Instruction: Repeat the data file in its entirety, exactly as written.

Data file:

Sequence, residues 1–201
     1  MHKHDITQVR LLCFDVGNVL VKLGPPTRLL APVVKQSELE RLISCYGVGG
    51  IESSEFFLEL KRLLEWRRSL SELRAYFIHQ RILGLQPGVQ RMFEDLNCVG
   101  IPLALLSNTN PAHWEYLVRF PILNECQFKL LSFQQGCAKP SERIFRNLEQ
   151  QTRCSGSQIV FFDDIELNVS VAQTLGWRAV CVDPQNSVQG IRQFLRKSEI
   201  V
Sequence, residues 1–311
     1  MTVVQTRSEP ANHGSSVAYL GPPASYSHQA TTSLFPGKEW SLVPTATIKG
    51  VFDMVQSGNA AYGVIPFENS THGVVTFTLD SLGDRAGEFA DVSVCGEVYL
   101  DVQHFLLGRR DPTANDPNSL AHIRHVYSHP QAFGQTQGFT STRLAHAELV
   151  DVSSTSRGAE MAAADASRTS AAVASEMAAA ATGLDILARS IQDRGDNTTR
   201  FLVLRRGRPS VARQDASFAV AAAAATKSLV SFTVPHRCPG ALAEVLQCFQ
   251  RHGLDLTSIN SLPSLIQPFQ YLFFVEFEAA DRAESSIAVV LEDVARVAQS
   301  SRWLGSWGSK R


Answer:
Sequence, residues 1–201
     1  MHKHDITQVR LLCFDVGNVL VKLGPPTRLL APVVKQSELE RLISCYGVGG
    51  IESSEFFLEL KRLLEWRRSL SELRAYFIHQ RILGLQPGVQ RMFEDLNCVG
   101  IPLALLSNTN PAHWEYLVRF PILNECQFKL LSFQQGCAKP SERIFRNLEQ
   151  QTRCSGSQIV FFDDIELNVS VAQTLGWRAV CVDPQNSVQG IRQFLRKSEI
   201  V
Sequence, residues 1–311
     1  MTVVQTRSEP ANHGSSVAYL GPPASYSHQA TTSLFPGKEW SLVPTATIKG
    51  VFDMVQSGNA AYGVIPFENS THGVVTFTLD SLGDRAGEFA DVSVCGEVYL
   101  DVQHFLLGRR DPTANDPNSL AHIRHVYSHP QAFGQTQGFT STRLAHAELV
   151  DVSSTSRGAE MAAADASRTS AAVASEMAAA ATGLDILARS IQDRGDNTTR
   201  FLVLRRGRPS VARQDASFAV AAAAATKSLV SFTVPHRCPG ALAEVLQCFQ
   251  RHGLDLTSIN SLPSLIQPFQ YLFFVEFEAA DRAESSIAVV LEDVARVAQS
   301  SRWLGSWGSK R